From January 3 to 27, the Sydney Opera House’s forecourt was taken over by a giant inflatable maze called EXXOPOLIS. The structure, called a luminarium, contained light in the same way that an aquarium contains water. It was a creation by Architects of Air, a UK-based group that designs inflatable walk-in sculptures.
The structure combined winding paths and domes, with elements inspired by sources as diverse as Islamic architecture, Archimedean solids, and Gothic cathedrals. EXXOPOLIS included a main dome with a centerpiece called the “Cupola” that was designed based on the late 13th-century polygonal Chapter House of Southwell Minster in Nottinghamshire, England.
The luminarium was designed to use light in an unusual way to create a unique sensory experience for visitors. The daylight radiated through the PVC material of the structure to create a luminous effect. The colors blended and transformed the appearance of people as they followed their maps through the maze. EXXOPOLIS was intended to combine light and color in a way that stimulated the senses and created a sense of wonder.
The inflatable maze measured 53 meters (159 feet) long and about nine meters (27 feet) high. It used 3,000 square meters (27,000 square feet) of plastic in 9,000 pieces. It took 55 people six months to build it initially, but it could be erected in four hours and inflated in only 20 minutes.
Architects of Air created EXXOPOLIS in 2012 to celebrate their 20th anniversary. It is an homage to the company’s first luminarium, EGGOPOLIS.
Antenna maker GATR Technologies has created an innovative flexible parabolic dish that is mounted inside an inflatable sphere. This design reduces the weight and packaged volume by up to 80 percent, which improves the agility of military and disaster response personnel. The U.S. military has awarded the company a $440 million contract for the technology.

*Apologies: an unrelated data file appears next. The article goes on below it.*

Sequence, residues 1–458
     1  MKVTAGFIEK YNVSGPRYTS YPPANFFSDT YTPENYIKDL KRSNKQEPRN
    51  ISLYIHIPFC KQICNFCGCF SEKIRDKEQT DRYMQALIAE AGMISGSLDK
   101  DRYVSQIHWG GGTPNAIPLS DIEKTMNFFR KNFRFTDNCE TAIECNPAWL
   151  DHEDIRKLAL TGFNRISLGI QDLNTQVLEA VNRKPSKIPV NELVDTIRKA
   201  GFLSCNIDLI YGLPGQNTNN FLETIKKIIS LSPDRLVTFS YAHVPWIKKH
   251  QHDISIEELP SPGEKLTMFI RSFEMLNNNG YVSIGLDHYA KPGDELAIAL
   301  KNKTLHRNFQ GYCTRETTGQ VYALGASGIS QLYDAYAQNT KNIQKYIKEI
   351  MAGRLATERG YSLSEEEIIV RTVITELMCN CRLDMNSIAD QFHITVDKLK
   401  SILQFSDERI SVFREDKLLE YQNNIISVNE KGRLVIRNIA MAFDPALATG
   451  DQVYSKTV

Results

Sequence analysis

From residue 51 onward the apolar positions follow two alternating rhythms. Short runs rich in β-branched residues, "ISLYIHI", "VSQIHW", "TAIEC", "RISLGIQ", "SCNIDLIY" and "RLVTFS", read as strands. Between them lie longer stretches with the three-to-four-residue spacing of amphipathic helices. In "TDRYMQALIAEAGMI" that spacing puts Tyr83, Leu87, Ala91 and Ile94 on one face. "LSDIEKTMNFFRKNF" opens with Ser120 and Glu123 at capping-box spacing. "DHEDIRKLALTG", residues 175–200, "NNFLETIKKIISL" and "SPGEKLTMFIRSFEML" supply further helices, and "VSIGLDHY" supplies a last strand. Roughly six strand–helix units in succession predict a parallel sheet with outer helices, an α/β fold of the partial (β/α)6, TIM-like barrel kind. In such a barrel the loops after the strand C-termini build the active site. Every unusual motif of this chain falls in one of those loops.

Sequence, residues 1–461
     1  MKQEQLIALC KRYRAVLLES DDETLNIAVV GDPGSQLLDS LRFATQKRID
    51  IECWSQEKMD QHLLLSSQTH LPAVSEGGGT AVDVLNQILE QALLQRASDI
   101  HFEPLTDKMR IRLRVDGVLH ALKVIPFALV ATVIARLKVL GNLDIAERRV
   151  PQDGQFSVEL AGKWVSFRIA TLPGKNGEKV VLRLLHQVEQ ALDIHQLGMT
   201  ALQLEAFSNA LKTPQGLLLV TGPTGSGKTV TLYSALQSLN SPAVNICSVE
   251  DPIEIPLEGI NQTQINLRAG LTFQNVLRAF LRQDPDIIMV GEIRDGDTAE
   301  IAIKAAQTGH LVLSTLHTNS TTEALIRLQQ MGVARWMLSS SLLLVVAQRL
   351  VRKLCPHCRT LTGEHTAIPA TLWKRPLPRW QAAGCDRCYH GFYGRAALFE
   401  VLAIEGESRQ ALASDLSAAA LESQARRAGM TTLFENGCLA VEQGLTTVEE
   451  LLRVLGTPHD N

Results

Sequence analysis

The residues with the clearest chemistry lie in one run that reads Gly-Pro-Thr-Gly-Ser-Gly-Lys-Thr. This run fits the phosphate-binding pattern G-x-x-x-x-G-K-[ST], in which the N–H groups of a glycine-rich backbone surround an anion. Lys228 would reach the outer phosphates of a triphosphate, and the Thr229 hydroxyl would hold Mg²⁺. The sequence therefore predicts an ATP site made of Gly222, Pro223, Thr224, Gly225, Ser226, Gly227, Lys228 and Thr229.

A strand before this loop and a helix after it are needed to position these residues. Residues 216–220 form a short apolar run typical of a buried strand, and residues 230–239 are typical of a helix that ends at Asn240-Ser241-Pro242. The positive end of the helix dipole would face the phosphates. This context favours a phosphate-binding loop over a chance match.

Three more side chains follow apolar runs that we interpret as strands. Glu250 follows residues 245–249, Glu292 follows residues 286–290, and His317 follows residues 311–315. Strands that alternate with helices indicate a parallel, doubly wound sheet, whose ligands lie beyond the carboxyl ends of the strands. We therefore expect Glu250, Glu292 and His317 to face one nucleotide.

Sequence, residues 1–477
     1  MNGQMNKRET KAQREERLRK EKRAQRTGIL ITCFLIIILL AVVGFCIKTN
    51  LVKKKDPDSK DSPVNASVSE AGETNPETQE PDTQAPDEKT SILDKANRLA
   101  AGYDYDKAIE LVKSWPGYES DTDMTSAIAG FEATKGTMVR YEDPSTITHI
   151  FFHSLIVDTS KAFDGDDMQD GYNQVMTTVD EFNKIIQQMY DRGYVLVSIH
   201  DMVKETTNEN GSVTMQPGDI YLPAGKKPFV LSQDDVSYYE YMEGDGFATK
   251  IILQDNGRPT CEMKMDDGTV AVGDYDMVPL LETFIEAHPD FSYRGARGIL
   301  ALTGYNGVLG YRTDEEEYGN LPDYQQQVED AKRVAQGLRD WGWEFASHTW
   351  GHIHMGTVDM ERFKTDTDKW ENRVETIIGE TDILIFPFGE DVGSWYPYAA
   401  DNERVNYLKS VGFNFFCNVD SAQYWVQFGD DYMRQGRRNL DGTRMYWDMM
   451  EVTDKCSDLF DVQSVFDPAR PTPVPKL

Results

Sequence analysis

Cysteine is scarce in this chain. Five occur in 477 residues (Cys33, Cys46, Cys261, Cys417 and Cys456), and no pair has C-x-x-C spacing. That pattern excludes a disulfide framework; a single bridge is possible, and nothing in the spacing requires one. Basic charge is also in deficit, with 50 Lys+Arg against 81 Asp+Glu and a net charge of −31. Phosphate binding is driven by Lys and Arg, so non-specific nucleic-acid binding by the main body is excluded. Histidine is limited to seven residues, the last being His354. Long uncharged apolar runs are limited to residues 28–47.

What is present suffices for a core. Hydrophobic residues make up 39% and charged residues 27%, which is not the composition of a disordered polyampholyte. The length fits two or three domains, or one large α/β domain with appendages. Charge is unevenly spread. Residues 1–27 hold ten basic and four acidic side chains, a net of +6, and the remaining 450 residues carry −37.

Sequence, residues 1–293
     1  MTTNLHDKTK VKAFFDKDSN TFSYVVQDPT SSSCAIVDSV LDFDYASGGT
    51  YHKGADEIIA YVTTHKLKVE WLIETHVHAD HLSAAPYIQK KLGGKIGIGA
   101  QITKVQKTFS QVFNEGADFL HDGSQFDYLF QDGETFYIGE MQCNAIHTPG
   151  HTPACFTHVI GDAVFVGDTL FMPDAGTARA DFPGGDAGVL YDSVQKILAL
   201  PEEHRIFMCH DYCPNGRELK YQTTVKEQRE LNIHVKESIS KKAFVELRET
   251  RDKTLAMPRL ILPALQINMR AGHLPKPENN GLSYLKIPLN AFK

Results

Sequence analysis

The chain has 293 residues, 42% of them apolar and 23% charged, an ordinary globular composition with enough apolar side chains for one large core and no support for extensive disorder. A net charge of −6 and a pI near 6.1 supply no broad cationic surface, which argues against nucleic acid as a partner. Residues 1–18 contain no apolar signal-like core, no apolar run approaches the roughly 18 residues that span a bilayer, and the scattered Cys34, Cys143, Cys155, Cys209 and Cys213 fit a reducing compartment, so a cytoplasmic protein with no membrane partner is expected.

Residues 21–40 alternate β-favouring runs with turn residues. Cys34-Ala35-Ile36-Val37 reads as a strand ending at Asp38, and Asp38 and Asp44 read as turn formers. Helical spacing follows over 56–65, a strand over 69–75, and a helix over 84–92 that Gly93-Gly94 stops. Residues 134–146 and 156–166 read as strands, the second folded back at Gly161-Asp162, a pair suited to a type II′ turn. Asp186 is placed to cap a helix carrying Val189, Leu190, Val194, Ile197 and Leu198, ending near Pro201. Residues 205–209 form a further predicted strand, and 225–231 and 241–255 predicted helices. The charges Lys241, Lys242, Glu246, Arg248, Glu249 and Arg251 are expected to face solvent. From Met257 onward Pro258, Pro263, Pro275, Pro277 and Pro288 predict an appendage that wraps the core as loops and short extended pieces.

The Inflatable Satellite Antennas (ISAs) have a lightweight design that costs less than conventional deployable SATCOM antenna systems, which dramatically reduces transportation costs. The larger size of the dish allows the military to use satellite bandwidth capacity more effectively, which increases bandwidth for users and allows more people to communicate at the same time.
GATR is currently making dishes that are 1.2, 1.8, and 2.4 meters in diameter. The antennas perform as well as rigid deployable antennas of the same size, but with significantly smaller size and weight.
In December, seven ISA systems were deployed in the Philippines to assist in the recovery from Typhoon Haiyan that devastated the country in November. They provided high-bandwidth communications that were essential to coordinate the recovery effort, since the communications infrastructure had been destroyed by the storm. These were the first high-bandwidth satellite communications terminals used in key areas.
The U.S. Army’s Warfighter Information Network-Tactical awarded the five-year contract to provide integrated communications solutions. The U.S. and Allied militaries have used 300 ISA terminals since 2008. This allows conventional forces to benefit from the same cost savings, lighter weight, and smaller size as other branches of the military, including Special Operations and Marine Corps Expeditionary Units.